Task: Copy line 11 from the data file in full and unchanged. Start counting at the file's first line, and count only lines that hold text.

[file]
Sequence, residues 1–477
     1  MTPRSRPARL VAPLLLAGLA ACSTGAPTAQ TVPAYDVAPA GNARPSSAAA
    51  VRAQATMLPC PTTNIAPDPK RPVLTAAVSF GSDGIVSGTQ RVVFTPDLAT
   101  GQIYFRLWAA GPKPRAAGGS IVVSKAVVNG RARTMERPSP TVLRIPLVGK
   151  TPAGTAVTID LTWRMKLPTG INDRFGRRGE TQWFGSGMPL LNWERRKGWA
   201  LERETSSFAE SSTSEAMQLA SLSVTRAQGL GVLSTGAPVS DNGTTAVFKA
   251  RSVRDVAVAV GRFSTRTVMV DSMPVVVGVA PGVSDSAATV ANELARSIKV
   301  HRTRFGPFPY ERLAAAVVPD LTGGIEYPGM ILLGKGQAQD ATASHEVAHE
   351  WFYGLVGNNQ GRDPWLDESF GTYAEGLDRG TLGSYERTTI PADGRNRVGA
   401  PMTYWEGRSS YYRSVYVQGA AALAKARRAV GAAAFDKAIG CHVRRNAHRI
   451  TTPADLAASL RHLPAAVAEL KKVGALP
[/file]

   451  TTPADLAASL RHLPAAVAEL KKVGALP